According to the brilliant Marina Hyde: ‘(M)ore British troops have been deployed for the Olympics than are serving in Afghanistan.’ They could do worse than give them all brollies and ask them to escort people around the venue.

(GQ says the Guardian might be about to shut down. I know several journalists there, all good people, and it would be a real tragedy. The press, even the Graun, is one of those things we won’t miss until it’s gone; the idea of George Osborne/Ed Balls having no-one watching them is chilling.)

Theodore Dalrymple on François Hollande’s plan to tax holiday home rental:

Most British people come to France, however, not to avoid taxes, but to avoid their fellow countrymen, especially the younger ones. In France, even the most uncouth people address you as “monsieur”, not “mate”. The burglar who broke into my mother-in-law’s flat in Paris, not expecting her to be there, withdrew with a courteous “Excusez-moi, madame”. An English burglar would have bound and gagged her.

Until next time…

 

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One problem with working in publishing is that it all-but destroys reading for pleasure. You spend eight hours a day either reading or editing, and the last thing you want to deal with when you get home and put your feet up is more words. Additionally, you are so attuned to either skim-reading (initial manuscripts) or quasi-proof-reading (stuff you’re actually publishing) that it’s very hard to find that middle ground, where you don’t skip half of a given page or re-read it a dozen times to see how you can reword it.

Anyway, I’ve belatedly just finished this (it was a Christmas present from my in-laws two Christmases ago) and I can heartily recommend it. (Interestingly, the author has chosen personally to respond to the one negative review on Amazon.)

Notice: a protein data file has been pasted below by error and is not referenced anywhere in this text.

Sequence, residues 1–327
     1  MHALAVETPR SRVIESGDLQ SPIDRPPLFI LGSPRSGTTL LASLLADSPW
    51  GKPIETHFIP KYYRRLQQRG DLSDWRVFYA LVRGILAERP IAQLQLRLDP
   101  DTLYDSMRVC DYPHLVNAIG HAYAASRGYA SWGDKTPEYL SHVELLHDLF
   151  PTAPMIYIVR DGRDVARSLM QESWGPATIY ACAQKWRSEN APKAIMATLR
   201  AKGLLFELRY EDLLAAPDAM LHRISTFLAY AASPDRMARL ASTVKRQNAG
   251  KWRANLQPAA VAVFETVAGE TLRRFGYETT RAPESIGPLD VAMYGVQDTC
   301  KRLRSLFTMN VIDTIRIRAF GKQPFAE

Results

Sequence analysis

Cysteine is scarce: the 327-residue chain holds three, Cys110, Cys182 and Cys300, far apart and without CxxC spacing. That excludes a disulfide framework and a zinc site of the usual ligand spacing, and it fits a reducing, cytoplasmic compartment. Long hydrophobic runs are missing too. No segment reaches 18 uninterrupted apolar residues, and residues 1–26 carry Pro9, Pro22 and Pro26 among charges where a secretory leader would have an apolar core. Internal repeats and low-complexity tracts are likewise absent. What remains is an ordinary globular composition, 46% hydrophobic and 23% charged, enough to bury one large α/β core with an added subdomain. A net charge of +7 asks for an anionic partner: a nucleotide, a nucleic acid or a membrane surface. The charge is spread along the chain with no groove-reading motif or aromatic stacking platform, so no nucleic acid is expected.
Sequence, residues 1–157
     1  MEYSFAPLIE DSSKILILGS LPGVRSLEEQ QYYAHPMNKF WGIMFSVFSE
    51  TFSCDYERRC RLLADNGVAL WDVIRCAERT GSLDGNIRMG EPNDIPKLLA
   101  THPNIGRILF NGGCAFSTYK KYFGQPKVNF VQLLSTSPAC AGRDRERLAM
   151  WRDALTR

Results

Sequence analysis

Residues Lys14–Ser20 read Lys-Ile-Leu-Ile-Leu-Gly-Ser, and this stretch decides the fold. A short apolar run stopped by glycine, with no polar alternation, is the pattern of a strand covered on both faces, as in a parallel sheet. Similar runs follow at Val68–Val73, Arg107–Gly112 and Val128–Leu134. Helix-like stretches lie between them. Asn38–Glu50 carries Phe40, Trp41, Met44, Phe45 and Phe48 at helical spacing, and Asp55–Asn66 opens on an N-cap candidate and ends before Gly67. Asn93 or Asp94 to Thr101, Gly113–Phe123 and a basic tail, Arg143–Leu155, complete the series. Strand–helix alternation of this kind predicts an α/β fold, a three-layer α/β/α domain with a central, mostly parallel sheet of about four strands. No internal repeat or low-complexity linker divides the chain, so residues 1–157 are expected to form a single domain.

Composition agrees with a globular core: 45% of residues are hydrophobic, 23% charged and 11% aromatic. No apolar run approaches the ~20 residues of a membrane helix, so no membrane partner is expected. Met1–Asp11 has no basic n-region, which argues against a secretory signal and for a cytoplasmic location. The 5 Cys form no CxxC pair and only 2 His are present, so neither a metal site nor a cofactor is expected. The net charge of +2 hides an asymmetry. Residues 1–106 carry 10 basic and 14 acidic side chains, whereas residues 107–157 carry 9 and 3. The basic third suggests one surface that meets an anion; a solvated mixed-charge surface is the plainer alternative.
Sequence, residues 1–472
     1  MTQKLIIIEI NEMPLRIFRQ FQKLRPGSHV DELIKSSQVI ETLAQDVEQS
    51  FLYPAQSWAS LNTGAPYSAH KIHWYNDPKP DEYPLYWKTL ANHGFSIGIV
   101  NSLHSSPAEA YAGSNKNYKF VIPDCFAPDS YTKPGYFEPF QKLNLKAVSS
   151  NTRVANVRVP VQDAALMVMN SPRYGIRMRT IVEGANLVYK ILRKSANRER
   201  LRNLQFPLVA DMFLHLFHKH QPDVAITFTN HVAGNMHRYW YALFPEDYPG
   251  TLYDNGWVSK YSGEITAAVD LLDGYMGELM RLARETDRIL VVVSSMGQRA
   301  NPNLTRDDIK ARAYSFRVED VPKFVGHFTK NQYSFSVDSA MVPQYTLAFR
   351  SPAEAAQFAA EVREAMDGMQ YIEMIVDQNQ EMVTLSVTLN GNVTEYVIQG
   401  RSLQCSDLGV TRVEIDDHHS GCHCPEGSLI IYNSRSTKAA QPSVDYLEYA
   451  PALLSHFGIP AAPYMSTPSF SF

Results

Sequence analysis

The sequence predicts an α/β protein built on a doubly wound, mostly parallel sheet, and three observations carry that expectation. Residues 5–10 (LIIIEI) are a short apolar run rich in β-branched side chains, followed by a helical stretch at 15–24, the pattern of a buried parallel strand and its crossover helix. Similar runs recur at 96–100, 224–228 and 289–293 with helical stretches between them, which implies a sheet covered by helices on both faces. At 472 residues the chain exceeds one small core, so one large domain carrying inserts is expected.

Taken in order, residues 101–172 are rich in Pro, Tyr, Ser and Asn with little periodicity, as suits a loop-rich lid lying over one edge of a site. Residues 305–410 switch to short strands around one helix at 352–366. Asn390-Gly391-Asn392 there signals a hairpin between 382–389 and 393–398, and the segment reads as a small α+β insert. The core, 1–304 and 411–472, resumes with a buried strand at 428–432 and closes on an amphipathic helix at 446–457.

On coffee breaks, meanwhile, we’re trying to understand the crisis in Europe, what it means for the UK, for publishing and for us. A weak Euro means a strong US dollar, apparently; we do now sell a reasonable quanity of books in the USA, so this might be a good thing for Monday Books. On the other hand, the US looks pretty like a basket case-in-waiting to me, stuck between wantologists and a pensions nightmare. If Greece leaves the Euro, maybe with a hybrid Nazi-Communist government, will that mean cheaper holidays for Britons (and more money to spend on reading), or will it mean the RAF airlifting people out of a burning Athens? The Euro might drop to 50% of its present value; will we all finally be able to afford the ski chalets of our dreams, or will it take the UK with it? (Can you buy shares in Bognor Regis?) If people don’t have the money to go out, will they stay in with a book instead? It’s all very confusing. In a very long list of things about economics that I don’t or can’t understand, do we actually have ‘austerity’ anyway, and how can it be ‘rejected’ by voters in Greece and France? Isn’t the opposite of austerity borrowing (and spending)? And if you reject austerity are you not going to struggle, eventually, to borrow? I’ve half a mind to announce that I’m rejecting the concept of paying my mortgage.

Inspector Gadget is leading the Tolploddle Martyrs* on a trip to London this week. I tend to support privatisation, if only because, in theory at least, incompetent firms can go bust, whereas incompetent council chiefs and MPs just increase your tax bills and end up getting to the baronetcy or the House of Lords; but privatising the police is bonkers. Read Wasting More Police Time for the reasons why, and follow this link to youtube to see what it’s really like in the custody block.